Truth: You experience embarrassing intestinal trouble, such as gas, bloating, or constipation, on a regular basis.
Consequences: Of the one in four Americans who suffer from gastrointestinal distress, 70 percent are women. "Our colons are longer, and they twist and turn like a Slinky, which makes it harder for food to get through," says Robynne Chutkan, M.D., founder of the Digestive Center for Women and assistant professor at Georgetown Hospital in Washington, D.C. That's one reason women are more prone to irritable bowel syndrome, or IBS (characterized by chronic constipation and/or diarrhea)—a condition that can often be controlled with dietary changes.
Switching up what you're eating could also make a huge difference if you suffer from celiac disease (an adverse reaction to gluten) or lactose intolerance (difficulty digesting milk). Sometimes these symptoms also warrant testing for more serious underlying conditions, says Chutkan. Bloating, for instance, could signal ovarian cancer; persistent stomach cramps could indicate an autoimmune disorder like Crohn's disease; and blood in the stool is a possible sign of colon cancer. To put your mind at rest, give your M.D. the disconcerting details. Trust us—she's heard it all.
Truth: You pop vitamins and herbal supplements without giving them much thought.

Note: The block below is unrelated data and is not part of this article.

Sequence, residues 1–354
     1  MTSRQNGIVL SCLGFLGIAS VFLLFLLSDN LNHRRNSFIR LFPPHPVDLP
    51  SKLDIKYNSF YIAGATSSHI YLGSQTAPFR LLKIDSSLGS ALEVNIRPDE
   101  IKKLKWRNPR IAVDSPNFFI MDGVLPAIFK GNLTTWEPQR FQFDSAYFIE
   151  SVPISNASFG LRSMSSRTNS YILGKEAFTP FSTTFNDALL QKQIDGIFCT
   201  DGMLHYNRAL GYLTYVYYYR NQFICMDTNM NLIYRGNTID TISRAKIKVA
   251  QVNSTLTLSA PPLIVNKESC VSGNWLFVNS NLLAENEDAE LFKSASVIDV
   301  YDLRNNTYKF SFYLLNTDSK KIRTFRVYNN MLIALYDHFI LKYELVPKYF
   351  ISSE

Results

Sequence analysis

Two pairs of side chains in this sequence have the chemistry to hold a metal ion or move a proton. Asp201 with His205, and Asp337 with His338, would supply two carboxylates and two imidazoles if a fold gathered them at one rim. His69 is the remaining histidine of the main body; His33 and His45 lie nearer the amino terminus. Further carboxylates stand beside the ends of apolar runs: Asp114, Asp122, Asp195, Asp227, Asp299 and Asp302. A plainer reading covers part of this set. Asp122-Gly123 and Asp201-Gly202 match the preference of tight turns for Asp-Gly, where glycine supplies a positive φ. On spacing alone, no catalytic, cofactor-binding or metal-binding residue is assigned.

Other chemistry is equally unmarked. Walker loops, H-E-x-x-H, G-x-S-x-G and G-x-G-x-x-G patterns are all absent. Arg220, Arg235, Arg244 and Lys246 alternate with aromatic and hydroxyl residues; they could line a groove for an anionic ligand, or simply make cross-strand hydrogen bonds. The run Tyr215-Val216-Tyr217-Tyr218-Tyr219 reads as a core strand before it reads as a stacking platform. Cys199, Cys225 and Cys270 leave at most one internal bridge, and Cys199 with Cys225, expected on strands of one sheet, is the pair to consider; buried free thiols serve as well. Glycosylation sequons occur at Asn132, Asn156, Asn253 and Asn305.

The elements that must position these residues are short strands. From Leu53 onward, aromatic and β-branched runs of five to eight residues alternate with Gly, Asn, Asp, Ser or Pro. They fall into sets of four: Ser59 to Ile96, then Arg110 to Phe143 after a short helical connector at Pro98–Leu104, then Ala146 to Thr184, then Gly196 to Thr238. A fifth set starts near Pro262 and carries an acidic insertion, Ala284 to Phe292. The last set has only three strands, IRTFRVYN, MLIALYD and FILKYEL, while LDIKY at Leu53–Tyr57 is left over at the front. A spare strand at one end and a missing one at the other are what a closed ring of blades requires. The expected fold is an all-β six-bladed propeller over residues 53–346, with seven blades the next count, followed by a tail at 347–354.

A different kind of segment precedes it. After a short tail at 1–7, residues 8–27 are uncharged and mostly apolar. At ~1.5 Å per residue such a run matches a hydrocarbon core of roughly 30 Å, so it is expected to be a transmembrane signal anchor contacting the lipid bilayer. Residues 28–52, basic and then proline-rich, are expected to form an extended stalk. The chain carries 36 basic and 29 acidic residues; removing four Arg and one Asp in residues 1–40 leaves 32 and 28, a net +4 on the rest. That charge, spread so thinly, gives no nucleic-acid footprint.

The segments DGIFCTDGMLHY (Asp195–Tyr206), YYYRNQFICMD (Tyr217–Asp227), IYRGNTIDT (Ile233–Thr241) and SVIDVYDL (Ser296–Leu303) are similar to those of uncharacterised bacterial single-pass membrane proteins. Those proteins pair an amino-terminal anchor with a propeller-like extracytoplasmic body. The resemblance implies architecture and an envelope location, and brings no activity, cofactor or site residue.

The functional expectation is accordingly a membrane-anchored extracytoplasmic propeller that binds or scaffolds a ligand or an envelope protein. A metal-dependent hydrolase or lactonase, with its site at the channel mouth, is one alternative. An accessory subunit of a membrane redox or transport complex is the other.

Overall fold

Consequences: "When we ask patients, ‘What drugs are you taking?' they don't list herbs because they don't think of them as powerful," Filer says, "but they can be." So you may be trying out biotin for strong hair and nails like your mom recommends, the açaí that your gym buddy loves for weight loss, or the kava your sister swears is as relaxing as a glass of wine, without understanding the impact they could have on your body. For example, herbs like kava and comfrey can damage your liver, while vitamin E can cause bruising and bleeding. And if you mix supplements with medication, you could end up making them weaker or stronger. If you combine St. John's wort with an antidepressant, for instance, the effects could be magnified, Filer notes. Meanwhile, a multi with vitamin K, which increases blood clotting, could interfere with blood thinners.